Sunday morning, May 17th, an MV-22 Osprey from the 15th Marine Expeditionary Unit experienced a “hard landing” while conducting training at the Marine Corps Training Area at Bellows Air Force Station in Hawaii. Honolulu firefighters and emergency crews are responded to the downed military aircraft that killed one person and injured several others. The aircraft had 22 people on board when it went down around 11:40 a.m. According to the military, one Marine died and 21 were transported to local hospitals for assessment and treatment. At least 12 of the 21 surviving crew have sustained some injuries. The extent of those injuries has not yet been released.
“It’s tragic and our condolences go out to the families and the loved ones of the victim. But right now we need to investigate further and see what happened,” said Marine spokesman Capt. Alex Lim.
“I can tell you that MV-22s have been a very reliable aircraft … We’ve provided aide and assistance in the Philippines. They’re very reliable tilt rotor aircrafts.”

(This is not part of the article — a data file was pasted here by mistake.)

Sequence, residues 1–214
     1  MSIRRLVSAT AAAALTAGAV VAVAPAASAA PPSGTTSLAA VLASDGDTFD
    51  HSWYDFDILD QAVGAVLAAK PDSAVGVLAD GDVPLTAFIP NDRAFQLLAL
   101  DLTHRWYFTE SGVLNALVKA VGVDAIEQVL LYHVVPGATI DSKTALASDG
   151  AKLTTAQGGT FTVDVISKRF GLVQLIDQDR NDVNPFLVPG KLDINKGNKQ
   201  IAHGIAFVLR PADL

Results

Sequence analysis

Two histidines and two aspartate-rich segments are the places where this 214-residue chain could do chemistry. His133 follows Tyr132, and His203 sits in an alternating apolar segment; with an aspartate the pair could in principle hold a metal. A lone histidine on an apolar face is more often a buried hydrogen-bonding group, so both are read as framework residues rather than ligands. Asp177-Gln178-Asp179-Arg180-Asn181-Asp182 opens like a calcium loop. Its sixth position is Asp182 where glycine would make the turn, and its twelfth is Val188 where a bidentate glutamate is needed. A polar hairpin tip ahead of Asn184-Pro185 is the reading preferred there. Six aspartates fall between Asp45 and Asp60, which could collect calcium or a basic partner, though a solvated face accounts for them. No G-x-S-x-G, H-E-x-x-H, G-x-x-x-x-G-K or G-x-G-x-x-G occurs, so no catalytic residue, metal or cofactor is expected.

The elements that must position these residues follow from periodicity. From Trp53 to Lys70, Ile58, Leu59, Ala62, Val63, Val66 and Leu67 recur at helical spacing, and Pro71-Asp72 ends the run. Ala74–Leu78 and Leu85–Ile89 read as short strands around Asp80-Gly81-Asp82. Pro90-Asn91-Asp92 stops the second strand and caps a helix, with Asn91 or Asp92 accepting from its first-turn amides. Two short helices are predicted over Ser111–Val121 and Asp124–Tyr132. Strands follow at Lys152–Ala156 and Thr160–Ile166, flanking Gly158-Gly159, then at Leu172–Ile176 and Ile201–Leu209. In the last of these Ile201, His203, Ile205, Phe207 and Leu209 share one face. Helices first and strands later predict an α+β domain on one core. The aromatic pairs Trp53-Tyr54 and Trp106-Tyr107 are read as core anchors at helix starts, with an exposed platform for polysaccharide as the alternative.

At the time of the crash, the nearby beach was busy. Several witnesses told Hawaii News Now they saw three aircrafts doing rotations in the sky. They watched them lower toward the ground, but only two aircrafts came back up. Within seconds, they said black smoke could be seen.
The 15th Marine Expeditionary Unit, based out of Camp Pendleton in California has been on a seven-month deployment to the Pacific Command and Central Command areas of operation, the Marines said in a statement. The Osprey was not participating in an exercise connected to the U.S. Pacific Command Amphibious Leaders Symposium. Marine Corps Forces Pacific is hosting 23 foreign nations at the symposium,U.S. allies Japan and the Philippines were expected to attend this week’s meeting, along with U.S. partners like Malaysia, Singapore and Vietnam.
This is a developing story and the investigation into the cause of the “hard landing” is yet to be determined.
Joining the U.S. Air Force right out of high school, Jon had the opportunity to experience many different parts of the world and different cultures. His post military career path, both white collar and blue collar, allowed him to work alongside both CEOs and average Joes. “Writing was never a goal or even vaguely contemplated as a career choice, it just happened, an accidental discovery of a talent and a passion.” A passion that has taken him in many directions from explorations of the zombie subculture and writing zombie stories to politics and News. He is an avid “people watcher,” political junkie and has a ravenous appetite for history and current events alike.